Tuesday, March 12, 2013

What we can learn from art on a starry night

Vincent van Gogh's Starry Night / 1889 oil on canvas.

I love Dutch art. I feel comfortable and at ease being around it. 

Some of my best life experiences have been spent perusing Dutch masterstroke painters like Rembrandt, Vermeer and Rubens in museums across the world, in Amsterdam, Paris, New York, Los Angeles and San Francisco. In Amsterdam, alone, I've spent many enjoyable hours walking through the galleries of the Rijksmuseum, the Hermitage Amsterdam and the Van Gogh museums admiring the Dutch Golden Age of art and much more.

What's not to like or to learn from it?

And, then, there's famous 19th century Dutch painter Vincent van Gogh (1853-1890), whose post-Impressionist work is notable for its "rough beauty, emotional honesty and bold color," that I am very fond of. Van Gogh once said: "If you hear a voice within you saying, 'You are not a painter,' then by all means paint … and that voice will be silenced." 

Art, as I have learned through my travels, teaches us to notice what we feel, and how to think for ourselves. It also helps us learn to see and appreciate the world all around us.

And, yet, art teaches us how to express ourselves in ways that words cannot ~ even though it's said that every picture is worth a thousand words.

In a project designed to engage feedback, the Bainbridge Island (Wash.) Museum of Art asked its patrons of all ages a very simple but matter-of-fact question:

"What can art teach us?"

As you might imagine, many of the responses ~ especially those from children ~ were most perceptive.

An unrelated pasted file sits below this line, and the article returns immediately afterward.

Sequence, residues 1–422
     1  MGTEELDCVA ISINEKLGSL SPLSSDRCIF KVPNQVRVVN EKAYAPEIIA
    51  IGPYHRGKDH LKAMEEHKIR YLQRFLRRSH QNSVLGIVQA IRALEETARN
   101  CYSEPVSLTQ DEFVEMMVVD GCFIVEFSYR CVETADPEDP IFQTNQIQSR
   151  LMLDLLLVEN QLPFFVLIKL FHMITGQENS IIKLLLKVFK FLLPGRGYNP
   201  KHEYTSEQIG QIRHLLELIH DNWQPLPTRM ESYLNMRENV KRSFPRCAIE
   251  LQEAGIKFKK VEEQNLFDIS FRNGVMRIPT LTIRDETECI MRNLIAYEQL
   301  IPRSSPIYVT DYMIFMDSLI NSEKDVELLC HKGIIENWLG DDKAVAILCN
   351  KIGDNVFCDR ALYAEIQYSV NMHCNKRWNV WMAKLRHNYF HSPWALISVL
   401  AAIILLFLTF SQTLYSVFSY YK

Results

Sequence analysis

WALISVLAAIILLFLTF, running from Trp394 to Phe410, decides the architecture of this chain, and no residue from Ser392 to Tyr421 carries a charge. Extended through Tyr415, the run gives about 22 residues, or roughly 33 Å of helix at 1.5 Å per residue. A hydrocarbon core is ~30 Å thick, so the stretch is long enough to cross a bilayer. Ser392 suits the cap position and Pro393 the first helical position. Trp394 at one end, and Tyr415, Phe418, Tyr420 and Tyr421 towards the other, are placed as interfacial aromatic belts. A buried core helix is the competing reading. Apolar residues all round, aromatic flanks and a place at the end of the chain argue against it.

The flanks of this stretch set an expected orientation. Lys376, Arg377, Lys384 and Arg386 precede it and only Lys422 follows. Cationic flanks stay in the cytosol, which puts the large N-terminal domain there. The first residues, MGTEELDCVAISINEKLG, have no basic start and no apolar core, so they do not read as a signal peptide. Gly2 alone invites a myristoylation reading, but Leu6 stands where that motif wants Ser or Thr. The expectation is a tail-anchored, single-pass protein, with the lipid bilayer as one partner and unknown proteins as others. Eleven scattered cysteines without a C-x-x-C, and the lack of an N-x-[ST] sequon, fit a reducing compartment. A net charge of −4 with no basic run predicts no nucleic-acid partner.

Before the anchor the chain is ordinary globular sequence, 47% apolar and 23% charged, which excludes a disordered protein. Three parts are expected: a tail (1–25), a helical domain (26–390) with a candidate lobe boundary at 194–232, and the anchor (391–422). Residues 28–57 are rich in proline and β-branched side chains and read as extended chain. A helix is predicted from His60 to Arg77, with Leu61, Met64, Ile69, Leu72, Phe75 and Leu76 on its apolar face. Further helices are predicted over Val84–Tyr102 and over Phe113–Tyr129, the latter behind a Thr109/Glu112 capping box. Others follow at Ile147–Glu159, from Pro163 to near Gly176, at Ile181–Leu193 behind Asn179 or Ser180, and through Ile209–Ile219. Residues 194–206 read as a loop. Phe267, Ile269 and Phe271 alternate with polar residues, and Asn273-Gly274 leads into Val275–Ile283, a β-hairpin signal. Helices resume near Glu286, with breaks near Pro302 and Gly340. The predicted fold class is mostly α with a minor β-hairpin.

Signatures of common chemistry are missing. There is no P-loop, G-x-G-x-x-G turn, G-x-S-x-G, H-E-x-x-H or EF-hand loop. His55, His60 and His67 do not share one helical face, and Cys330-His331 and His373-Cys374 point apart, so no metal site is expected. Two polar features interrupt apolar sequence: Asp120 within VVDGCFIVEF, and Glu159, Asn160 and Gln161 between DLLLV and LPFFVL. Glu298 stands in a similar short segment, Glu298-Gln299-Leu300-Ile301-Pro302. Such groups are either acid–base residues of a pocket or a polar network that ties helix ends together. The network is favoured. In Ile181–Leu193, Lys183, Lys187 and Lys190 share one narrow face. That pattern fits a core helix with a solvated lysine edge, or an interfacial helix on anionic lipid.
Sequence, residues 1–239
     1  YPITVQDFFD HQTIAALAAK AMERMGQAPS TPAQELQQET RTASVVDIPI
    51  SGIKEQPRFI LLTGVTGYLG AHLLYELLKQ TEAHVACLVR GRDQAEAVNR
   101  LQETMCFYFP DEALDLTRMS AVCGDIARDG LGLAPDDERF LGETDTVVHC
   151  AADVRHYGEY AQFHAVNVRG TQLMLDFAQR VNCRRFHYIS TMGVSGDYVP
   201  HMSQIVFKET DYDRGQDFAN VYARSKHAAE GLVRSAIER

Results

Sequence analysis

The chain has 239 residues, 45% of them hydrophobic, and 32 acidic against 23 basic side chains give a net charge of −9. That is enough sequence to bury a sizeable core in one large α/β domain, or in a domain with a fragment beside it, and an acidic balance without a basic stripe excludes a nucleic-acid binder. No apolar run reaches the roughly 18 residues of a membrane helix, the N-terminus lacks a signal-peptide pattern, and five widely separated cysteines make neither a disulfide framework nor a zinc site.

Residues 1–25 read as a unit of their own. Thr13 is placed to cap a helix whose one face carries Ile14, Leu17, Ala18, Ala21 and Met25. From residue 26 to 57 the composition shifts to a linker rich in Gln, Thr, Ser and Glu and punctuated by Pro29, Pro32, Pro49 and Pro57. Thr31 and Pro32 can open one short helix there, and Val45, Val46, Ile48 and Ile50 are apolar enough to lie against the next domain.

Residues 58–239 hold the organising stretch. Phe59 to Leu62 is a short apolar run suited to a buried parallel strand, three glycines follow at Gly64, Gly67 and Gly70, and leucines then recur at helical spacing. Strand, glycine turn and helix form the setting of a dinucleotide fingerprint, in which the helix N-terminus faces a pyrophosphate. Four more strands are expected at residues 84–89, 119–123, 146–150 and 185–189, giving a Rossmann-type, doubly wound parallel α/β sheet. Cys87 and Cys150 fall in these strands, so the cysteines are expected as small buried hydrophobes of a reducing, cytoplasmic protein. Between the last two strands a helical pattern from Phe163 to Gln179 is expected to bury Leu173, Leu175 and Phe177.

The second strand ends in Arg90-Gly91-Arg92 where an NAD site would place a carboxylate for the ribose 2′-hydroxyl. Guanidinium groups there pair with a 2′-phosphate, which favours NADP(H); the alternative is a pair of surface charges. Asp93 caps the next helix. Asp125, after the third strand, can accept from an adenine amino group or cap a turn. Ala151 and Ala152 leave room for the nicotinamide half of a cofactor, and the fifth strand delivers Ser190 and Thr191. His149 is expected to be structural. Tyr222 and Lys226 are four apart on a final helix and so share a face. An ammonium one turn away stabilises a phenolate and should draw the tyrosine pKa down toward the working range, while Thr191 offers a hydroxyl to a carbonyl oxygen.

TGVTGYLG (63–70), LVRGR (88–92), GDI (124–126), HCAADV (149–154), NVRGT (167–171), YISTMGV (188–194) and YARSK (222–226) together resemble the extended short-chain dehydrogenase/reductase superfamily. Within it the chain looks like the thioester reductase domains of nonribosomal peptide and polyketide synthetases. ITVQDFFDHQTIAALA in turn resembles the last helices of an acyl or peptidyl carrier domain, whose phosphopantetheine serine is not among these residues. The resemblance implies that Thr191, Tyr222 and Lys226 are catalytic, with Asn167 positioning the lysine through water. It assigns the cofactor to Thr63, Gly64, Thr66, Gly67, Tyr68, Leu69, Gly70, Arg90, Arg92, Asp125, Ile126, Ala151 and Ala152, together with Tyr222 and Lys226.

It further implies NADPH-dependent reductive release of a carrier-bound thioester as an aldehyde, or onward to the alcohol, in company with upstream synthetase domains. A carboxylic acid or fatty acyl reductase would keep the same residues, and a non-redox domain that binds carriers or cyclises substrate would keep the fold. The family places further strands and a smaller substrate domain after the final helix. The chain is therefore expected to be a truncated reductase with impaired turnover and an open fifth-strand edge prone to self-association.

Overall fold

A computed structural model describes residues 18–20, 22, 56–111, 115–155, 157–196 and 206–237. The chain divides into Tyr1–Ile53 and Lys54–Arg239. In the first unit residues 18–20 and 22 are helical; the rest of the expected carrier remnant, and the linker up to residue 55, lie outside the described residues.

One child said: "Art teaches us about life. Art teaches us how to see the world in new ways." 

Another child's response struck a chord with many of my friends when I shared it with them on Facebook:

"Art teaches us that it's okay to color your trees purple." 

I like that response very much.

After all, if coloring our trees purple provides us with pleasure and makes us happy, I say: "Go for it!" 

While van Gogh may not have colored his trees purple in any of his paintings, his work was quite colorful and very artistic. I've always admired his painting "Les Iris", his 1889 interpretation of irises, since we have an iris garden in our back yard.

Of course, I marvel at what is arguably van Gogh's most artistic achievement, "Starry Night", which the artist painted from memory during the day time. It depicts the nocturnal view outside van Gogh's sanitarium room window at Saint Rémy-de-Provence in France. "Starry Night" has become one of the most well known images in modern culture. It became the subject of popular, 1971 song "Vincent" by Don McLean, whose lyrics were written with the iconic painting in mind. "Starry Night" is in the permanent collection of the Museum of Modern Art in New York. 

I have learned through studying van Gogh's life and paintings that he was very outspoken when it came to sharing his thoughts about art and its relationship with life, love and religion. After all, during his early years as an artist (1876-1880), he wanted to dedicate his life to the evangelization of those in poverty. 

"The best way to know God is to love many things," said van Gogh. "It is good to love many things, for therein lies the true strength, and whosoever loves much performs much, and can accomplish much, and what is done in love is well done."

According to van Gogh, there is nothing more truly artistic than to love people. "Close friends are truly life's treasures. Sometimes they know us better than we know ourselves," he said. "With gentle honesty, they are there to guide and support us, to share our laughter and our tears. Their presence reminds us that we are never really alone.”  

Indeed, art teaches us to feel emotion. And, the artistic legacy of van Gogh will forever remain with us through his paintings, drawings and writings. They are everlasting. 

"Love is something eternal," said van Gogh. "The aspect may change, but not the essence."

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